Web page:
About the Book:
In this sweet romantic novella, Lyle and Trish are two aspiring Country music songwriters that meet at a Nashville coffee house. With Trish being new in town, Lyle invites her to his monthly gathering of songwriters to get to know her better. The evening of quirky characters and light-hearted singing is interrupted by the arrival Aiden Bronson. He’s got a hit song on the radio, and he’s back to show off, stirring up some rivalry while he’s at it. How will Lyle compete against Aiden’s charisma and talent in order to win Trish’s heart?
Guest Reviewer Frannie’s Thoughts:
In this sweet, romantic novella the two main characters are attracted to one another as they sit on opposite sides of the barista working on the lyrics to their new hopefully successful songs. Lyle is a native of Nashville and Trish is a shy young woman who just moved to town from Los Angeles. They both are dedicated to their music and see hope and inspiration in one another. Lyle and Trish connect through their deep love for music and their dream of becoming successful country singers in Nashville, a cutthroat musical town that is known as an incubator for exceptional country music singers.
“Music gives a soul to the universe, wings to the mind, flight to the imagination and life to everything.” Plato
When Trish appears at the songwriting gathering at Lyle’s home, the story really begins, along with the introduction to the compositions of 12 original country songs and a colorful hand full of characters. The other characters have interesting personalities that lead into minor conflicts around their poems, lyrics, and compositions. We learn about each unique personality and voice as they resolve their conflicts. Lyle is likable and connects with all the characters offering a seamless introduction for Trish as the new musician in the group. Trish’s humility is endearing, and Lyle’s attraction grows as he discovers her wonderful singing talent.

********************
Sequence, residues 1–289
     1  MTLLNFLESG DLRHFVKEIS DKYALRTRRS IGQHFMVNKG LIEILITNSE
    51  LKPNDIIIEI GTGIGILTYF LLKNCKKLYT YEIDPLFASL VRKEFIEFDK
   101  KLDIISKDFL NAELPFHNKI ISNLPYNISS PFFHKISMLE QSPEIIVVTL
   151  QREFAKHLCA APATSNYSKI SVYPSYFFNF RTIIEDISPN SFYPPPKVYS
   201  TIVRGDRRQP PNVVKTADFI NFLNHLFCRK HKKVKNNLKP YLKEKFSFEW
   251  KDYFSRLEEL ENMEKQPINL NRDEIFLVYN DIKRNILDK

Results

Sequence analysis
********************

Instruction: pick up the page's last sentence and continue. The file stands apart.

The story becomes contentious when Adian Bronson, a charismatic songwriter with a hit song currently playing on the radio, reenters the group. He is obnoxious, condescending to the others in the group and overly critical. Everyone is on edge but due to his celebrity status and common respect for a fellow artist, they endure his insults and argumentative comments. Adian is immediately drawn to Trish, the new girl who has just appeared in this tight knit music community. His attraction to her stirs up the old rivalry between he and Lyle. Who will Trish select to help her navigate the Nashville music scene?
The proses, lyrics and poetry are fabulous. They are sung and acted out by local Nashville artists in the audiobook version, which I think would be delightful to listen to in the future. The story is touching with chemistry and provides drama to the plight of the illusive songwriting dream of so many artists.
The novella is a bit confusing and awkward at the beginning. In general the writing is good, and the story could have been even better with more in-depth descriptions of the surroundings and more emphasis on bringing out the details of what would appear to be very colorful characters. The songs and the intention to keep music, theatre and acting alive evolve and the plot of the story becomes engaging and inspirational.
I highly recommend “Songwriter Night” to anyone who enjoys the arts, music, writing and theatre. Musicians and actors would embrace this book with a vengeance and help all who want to keep the art of acting and performance alive.
About the author: D. G. Driver is an optimist at heart, and that’s why she likes to write books about young people who strive to make a difference in the world. From her teen environmentalist in The Juniper Sawfeather Trilogy, a young girl teaching her friends autism acceptance and to stop bullying people with special needs in No One Needed to Know, a girl who bravely searches for a friend lost along the shore of a dark lake in Lost on the Water – A Ghost Story, a princess who desires to be more than a pampered prize for a prince in The Royal Deal, to a boy who learns that being genuine and chivalrous are the ways to win a girl’s heart in All the Love You Write, Driver hopes to write characters that you’ll want to root for.
When she’s not writing, she is a teacher in an inclusive child development center in Nashville, and she can often be found strutting the stage in a local musical theater production.